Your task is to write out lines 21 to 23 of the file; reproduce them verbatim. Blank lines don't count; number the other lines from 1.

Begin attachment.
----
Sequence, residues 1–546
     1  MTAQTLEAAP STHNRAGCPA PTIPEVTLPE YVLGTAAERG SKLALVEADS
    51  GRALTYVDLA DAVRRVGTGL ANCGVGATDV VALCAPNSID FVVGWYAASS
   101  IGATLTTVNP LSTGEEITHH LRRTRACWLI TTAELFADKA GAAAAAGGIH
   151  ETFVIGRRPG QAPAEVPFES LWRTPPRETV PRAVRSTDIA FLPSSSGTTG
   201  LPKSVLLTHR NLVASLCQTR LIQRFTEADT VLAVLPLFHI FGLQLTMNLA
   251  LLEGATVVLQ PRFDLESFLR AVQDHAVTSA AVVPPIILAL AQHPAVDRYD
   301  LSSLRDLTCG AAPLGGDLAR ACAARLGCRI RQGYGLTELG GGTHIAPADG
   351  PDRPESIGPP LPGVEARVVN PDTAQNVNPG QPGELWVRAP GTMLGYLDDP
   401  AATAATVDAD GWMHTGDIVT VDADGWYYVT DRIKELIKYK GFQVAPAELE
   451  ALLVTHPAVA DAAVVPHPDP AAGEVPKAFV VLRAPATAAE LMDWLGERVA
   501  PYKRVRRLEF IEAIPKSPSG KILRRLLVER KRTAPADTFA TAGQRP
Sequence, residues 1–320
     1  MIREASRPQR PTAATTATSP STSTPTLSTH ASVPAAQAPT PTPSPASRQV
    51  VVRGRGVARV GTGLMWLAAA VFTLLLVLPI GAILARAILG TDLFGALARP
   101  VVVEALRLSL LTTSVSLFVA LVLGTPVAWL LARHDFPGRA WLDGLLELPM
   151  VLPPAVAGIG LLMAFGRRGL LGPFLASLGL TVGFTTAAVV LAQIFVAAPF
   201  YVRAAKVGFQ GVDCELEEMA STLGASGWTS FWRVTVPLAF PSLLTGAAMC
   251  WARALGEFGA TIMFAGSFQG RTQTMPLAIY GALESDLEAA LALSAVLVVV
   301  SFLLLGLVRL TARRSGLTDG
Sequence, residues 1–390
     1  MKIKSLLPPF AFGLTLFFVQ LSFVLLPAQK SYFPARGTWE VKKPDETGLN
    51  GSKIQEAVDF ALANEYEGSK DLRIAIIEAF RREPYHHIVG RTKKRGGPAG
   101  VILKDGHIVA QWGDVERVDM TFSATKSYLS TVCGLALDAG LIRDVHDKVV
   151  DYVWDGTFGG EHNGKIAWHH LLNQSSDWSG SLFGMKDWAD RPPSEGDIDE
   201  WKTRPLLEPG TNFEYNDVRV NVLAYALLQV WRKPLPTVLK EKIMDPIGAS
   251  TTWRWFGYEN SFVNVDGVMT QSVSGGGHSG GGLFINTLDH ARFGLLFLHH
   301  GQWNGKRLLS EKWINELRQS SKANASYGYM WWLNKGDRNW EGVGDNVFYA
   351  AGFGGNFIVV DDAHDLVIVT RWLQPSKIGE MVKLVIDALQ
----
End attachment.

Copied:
Sequence, residues 1–390
     1  MKIKSLLPPF AFGLTLFFVQ LSFVLLPAQK SYFPARGTWE VKKPDETGLN
    51  GSKIQEAVDF ALANEYEGSK DLRIAIIEAF RREPYHHIVG RTKKRGGPAG